Andrea Natale, MD: The big potential for growth is in ablative therapies, especially in complex arrhythmias. Device therapy has reached a plateau, as has been mentioned. Also, the success of the EP lab depends on the experience of the operator and we have increasingly more and more highly trained electrophysiologists who are able to manage these complexities. With highly trained operators, advanced technologies and a better understanding of the pathology involved with complex arrhythmias, the potential for growth is vast.
Wilkoff: I’d like to add that there is something that happens with implantable devices that doesn’t happen with most of the other parts of cardiovascular medicine. Once a person receives an implantable device, if the center is set up appropriately, these patients come back again and again. It becomes a relationship builder. So, while atrial fibrillation tends to recur, and maybe needs repeat business, a patient with an implantable device is your patient for life—if you develop that relationship properly.
What other ways can an EP center become more profitable?
Morin: You have to be sure that you are billing appropriately. Whether or not patients get appropriately coded as inpatient admission or inpatient observation makes a big difference in reimbursement—$1200 per case at our institution.
Wilkoff: The Recovery Audit Contractors (RACs) of the Centers for Medicare & Medicaid Services (CMS) have focused on the inpatient/outpatient status of defibrillator implantations. But they are not making decisions based on published criteria. The Heart Rhythm Society has been working with CMS to establish criteria, but since there is no national coverage decision—since nobody had ever imagined that you needed to have a national coverage decision to say whether somebody is an inpatient or an outpatient—then it’s up to local carriers to decide what’s appropriate. I would make sure you document the comorbidities and have justification for inpatient status.
What should electrophysiologists pay attention to when planning to open a lab?
Steinberg: It’s good to ensure that your capacity is proportional to your projected volume. Especially as you initiate a program, you want to ensure you don’t overbuild or oversupply equipment. It is often necessary to educate referring physicians about proper indications for procedures and devices, proper indications for consultations and referrals.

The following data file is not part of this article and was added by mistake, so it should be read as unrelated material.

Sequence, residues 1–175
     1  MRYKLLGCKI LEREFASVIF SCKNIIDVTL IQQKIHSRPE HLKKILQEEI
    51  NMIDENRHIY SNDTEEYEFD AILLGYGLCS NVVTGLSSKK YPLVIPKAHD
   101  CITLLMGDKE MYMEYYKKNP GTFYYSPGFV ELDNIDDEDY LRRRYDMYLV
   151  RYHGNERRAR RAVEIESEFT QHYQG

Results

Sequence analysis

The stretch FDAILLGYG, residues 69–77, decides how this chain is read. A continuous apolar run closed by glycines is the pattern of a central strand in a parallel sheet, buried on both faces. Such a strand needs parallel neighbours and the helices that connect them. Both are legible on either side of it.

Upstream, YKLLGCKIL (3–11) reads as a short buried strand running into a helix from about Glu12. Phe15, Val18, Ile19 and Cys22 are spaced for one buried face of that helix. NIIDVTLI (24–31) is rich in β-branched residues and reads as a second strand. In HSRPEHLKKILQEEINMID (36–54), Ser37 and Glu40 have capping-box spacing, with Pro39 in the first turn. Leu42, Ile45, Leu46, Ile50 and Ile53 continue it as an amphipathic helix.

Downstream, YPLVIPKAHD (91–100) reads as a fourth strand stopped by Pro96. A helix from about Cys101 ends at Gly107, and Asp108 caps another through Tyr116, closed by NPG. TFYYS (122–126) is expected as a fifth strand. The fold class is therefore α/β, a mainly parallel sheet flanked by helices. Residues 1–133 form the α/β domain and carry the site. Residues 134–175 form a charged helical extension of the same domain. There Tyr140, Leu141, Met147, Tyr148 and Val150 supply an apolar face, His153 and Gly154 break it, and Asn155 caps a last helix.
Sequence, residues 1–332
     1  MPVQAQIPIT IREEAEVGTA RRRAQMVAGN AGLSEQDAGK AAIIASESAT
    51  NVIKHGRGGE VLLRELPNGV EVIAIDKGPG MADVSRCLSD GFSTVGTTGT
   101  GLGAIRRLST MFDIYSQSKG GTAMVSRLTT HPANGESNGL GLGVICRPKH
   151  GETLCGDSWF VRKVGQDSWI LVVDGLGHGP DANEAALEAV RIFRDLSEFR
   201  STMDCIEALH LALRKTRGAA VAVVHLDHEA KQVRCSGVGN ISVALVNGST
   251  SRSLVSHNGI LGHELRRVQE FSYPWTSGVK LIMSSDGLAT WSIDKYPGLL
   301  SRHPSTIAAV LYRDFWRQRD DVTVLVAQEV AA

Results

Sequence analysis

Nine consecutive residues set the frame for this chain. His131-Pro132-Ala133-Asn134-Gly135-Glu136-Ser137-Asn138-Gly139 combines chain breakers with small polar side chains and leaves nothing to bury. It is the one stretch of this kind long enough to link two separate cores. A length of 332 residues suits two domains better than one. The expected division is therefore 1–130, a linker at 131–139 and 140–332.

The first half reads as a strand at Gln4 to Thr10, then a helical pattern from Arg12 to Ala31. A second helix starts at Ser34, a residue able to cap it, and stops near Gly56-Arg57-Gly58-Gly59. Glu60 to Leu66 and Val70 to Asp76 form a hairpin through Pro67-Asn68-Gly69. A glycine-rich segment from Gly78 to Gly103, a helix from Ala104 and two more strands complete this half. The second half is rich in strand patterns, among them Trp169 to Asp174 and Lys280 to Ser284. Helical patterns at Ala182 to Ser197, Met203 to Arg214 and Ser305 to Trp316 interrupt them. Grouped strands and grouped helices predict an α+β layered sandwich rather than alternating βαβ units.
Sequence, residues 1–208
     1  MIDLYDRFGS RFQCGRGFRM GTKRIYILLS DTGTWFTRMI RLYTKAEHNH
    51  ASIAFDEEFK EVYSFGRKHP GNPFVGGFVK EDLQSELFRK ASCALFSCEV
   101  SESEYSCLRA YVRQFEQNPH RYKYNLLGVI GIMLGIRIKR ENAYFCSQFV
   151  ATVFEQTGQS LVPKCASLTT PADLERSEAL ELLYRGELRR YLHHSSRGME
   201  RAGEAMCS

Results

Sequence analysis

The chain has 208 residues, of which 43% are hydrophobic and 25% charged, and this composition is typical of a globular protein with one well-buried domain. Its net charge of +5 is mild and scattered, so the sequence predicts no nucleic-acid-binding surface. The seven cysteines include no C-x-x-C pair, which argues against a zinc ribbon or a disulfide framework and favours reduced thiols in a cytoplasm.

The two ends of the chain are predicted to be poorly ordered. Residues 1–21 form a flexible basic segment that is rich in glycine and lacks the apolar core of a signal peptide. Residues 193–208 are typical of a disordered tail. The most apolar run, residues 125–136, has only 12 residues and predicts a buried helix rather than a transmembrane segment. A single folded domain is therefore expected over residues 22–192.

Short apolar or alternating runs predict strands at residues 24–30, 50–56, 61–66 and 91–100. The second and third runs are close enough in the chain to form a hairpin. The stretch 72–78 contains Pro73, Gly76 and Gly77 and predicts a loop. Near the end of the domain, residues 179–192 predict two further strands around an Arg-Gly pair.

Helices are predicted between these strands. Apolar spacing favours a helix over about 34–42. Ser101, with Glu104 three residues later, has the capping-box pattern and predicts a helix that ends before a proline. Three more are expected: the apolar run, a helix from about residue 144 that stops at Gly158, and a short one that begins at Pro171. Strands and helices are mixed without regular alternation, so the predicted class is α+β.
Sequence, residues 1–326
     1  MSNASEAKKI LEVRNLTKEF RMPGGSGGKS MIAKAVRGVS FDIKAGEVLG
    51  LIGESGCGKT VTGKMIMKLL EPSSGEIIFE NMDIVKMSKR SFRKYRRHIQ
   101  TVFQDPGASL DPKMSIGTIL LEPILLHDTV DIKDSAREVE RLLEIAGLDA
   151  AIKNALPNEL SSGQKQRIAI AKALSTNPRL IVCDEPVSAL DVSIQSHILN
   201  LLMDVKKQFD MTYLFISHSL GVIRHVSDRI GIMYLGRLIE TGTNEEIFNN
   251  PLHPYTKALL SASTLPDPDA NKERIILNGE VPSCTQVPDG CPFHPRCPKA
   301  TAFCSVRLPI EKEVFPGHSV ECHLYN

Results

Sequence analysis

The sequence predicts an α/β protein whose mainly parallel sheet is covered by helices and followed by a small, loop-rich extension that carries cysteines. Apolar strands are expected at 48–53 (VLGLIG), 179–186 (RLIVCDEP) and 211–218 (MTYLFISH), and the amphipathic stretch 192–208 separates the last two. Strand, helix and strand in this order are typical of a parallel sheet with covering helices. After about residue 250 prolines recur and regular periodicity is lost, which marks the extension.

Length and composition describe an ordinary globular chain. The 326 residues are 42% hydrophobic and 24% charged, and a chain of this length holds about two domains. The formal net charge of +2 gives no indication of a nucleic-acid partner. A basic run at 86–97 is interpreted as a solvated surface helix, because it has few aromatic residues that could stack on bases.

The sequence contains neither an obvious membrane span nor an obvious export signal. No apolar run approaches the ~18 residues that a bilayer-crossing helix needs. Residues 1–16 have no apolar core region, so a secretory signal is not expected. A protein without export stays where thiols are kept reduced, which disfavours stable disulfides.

Cannom: I am very concerned that institutions are performing more procedures than they can safely do, particularly in atrial fibrillation ablation, without the experience or infrastructure to take care of patients who have a rare complication. I am not that interested anymore in seeing more programs open up in large cities. If you are going to set up a program in an underserved area, you need a huge institutional commitment to do these difficult procedures and you need someone that’s very experienced.
Haines: Fellows just out of training generally build their EP practice with bread-and-butter activities. Just for growing the business, the quick turnaround procedures are obviously the most profitable. A 90-minute AV node reentry ablation doesn’t pay a whole lot less than a five-hour A-fib ablation.
Natale: That will change, however, in 2009 when new Medicare rules will reimburse significantly less for outpatient procedures. CMS has criteria that you have to follow in terms of patient complexity. Therefore, an AV node reentry is probably going to be an outpatient procedure and is going to be paid less than a complex ablation.
Wilkoff: Another part for people who are looking ahead is the ability prove outcomes, being able to measure quality and ensure compliance with national standards. It’s always easier if you do it systematically from the beginning. Adhering to national standards, quality reporting and keeping track of complications—such as deep vein thrombosis, pulmonary emboli, perforations, surgery, death and infections—are going to become essential to opening up a lab, and for operating experienced labs as well.
How do you handle device recalls and the fear they might instill in potential candidates for ICDs?